SOUTHWICK – Richard Carnall and John Leary of the Westfield G+E had an informal discussion with the Select Board about Whip City Fiber.
According to Select Board Chairman Joe Deedy, some residents of the town have approached him and the board over the past several months inquiring about Westfield G+E’s Whip City Fiber service. The board invited Westfield G+E representatives to their meeting this week to give them more information about their internet.
In 2015, Westfield G+E was approved a $15 million bond from the City of Westfield to provide high speed and fiber optic internet to 70 percent of Westfield. That same year, Whip City Fiber started being offered to a few neighborhoods in Westfield.
Currently, Westfield G+E has been appropriated by the city to cover 70% of Westfield with Whip City Fiber. When speaking to the Select Board, Carnall and Leary acknowledged that they’re working with 20 hilltowns in Massachusetts on installing Whip City Fiber in those respective communities.
“It’s a long project. It’s a worthwhile project as you can get a state-of-the-art internet,” said Carnall.
The process in Westfield involves Westfield G+E employees examining the utility poles where the fiber will be installed. It needs to be determined that there’s enough space for the fiber to be on the existing utility poles. An underground investigation then ensues, which involves figuring out the location of underground utilities like wires, pipes, and water lines.
On the Whip City Fiber page on the Westfield G+E website, it notes that once the installers go to a residence to install the fiber, it could take up to four hours.
Carnall and Leary also informed the Select Board that about 30 to 40 percent of the money spent on the project goes towards working on the telephone poles.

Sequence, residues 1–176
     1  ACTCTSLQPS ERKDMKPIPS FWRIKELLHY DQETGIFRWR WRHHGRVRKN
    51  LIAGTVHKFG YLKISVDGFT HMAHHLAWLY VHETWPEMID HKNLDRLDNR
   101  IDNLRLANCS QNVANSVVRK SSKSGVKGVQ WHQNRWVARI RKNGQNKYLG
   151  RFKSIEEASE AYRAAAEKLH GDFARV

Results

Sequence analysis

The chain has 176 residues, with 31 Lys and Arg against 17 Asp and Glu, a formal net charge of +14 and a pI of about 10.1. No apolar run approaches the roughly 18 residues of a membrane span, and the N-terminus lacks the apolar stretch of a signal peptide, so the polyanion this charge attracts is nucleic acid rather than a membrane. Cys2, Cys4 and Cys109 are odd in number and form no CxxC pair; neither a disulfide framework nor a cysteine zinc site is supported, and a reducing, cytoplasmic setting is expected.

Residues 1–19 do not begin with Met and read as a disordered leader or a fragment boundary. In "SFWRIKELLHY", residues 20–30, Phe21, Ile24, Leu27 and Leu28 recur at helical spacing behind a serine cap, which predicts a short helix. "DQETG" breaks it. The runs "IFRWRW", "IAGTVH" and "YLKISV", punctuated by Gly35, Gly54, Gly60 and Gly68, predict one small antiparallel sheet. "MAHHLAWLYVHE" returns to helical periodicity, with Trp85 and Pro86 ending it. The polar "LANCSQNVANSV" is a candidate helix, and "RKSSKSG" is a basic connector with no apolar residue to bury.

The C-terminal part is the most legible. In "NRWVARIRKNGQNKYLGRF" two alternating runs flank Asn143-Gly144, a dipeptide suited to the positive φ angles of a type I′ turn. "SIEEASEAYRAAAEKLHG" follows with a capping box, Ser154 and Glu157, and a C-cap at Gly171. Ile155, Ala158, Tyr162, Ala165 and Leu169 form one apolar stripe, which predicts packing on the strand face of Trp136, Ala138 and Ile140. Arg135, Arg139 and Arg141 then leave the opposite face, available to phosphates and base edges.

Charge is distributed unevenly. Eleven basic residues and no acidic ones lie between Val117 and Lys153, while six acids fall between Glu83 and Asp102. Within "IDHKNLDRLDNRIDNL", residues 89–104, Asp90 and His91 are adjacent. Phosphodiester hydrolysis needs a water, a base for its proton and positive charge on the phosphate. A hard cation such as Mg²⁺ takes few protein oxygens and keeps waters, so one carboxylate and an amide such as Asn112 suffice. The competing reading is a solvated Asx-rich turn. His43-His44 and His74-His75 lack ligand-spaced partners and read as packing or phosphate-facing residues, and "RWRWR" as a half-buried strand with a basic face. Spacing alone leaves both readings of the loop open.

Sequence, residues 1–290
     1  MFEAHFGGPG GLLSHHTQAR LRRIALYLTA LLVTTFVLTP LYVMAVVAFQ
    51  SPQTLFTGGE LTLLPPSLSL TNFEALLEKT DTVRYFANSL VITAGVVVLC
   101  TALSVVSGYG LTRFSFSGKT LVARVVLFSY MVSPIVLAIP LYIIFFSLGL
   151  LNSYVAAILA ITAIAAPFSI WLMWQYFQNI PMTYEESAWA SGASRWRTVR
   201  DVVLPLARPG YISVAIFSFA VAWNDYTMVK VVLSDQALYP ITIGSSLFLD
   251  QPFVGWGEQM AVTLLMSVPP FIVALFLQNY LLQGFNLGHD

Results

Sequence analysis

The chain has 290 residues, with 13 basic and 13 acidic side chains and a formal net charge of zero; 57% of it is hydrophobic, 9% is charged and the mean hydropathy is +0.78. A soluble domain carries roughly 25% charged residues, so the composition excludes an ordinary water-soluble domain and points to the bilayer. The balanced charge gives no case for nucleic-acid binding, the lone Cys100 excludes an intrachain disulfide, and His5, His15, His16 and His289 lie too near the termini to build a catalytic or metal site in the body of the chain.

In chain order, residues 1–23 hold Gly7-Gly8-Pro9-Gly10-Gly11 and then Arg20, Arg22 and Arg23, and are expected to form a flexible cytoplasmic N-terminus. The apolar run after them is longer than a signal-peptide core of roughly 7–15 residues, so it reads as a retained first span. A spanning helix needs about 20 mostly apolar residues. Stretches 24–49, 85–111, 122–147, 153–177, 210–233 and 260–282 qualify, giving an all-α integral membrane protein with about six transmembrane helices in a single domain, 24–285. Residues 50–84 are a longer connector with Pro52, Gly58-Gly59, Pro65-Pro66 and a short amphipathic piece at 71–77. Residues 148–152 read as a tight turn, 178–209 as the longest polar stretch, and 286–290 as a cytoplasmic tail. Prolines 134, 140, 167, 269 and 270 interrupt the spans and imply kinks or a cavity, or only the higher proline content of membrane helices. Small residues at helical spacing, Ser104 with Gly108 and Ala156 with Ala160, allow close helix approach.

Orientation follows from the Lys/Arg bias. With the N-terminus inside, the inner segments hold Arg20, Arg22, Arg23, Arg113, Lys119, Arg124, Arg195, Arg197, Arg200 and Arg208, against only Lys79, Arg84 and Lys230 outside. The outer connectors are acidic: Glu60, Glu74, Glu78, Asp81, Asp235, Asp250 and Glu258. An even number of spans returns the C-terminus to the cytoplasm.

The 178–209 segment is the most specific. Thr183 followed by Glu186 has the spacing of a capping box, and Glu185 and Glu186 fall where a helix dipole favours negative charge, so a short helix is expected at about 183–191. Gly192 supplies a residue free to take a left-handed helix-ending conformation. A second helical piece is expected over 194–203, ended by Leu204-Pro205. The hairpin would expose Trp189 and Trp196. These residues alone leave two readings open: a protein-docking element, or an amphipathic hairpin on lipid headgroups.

The two Information Technology professionals from Westfield G+E said that a lot of the hilltowns had very little or no internet prior to Whip City Fiber starting to be installed in their town. A major issue for the hilltowns is that the younger adults and teenagers in those communities flock away from that particular area due to no Wi-Fi or bad internet connection.
“It’s going to be a great story for these towns,” said Leary.
Select Board Clerk Doug Moglin noted that he’s heard stories in the past of kids in Tolland driving up to public spots in town like the library, just to get Wi-fi.
“That’s a real, real big problem,” said Moglin.
The installation of Whip City Fiber in the 20 hilltowns should be completed by 2021 or 2022.
Pointing out that Whip City Fiber costs $60,000 per mile, and Westfield G & E can’t spend capital on this project outside of their own city, Carnall and Leary don’t want the Select Board to only think of how daunting the process is.
“I don’t want to dissuade you from it,” said Leary. “Don’t be that way.”
Currently, residents and businesses in Southwick use Comcast as their internet service provider.
“The cost with Comcast is escalating out of control,” said Moglin.
Whip City Fiber costs $69.95 a month for up to 1,000 gigabits for residential internet service.
Although Carnall and Leary told the Select Board that they wouldn’t be able to begin installing Whip City Fiber into portions of Southwick until they’re finished in Westfield, they did make suggestions. If the town is interested, they should form a sub-committee to further discuss it and even create a survey to see what residents and businesses think about the possibility of Whip City Fiber.
“I think it’s definitely worth forming a committee and looking at it,” said Deedy. “We can’t shy away from it.”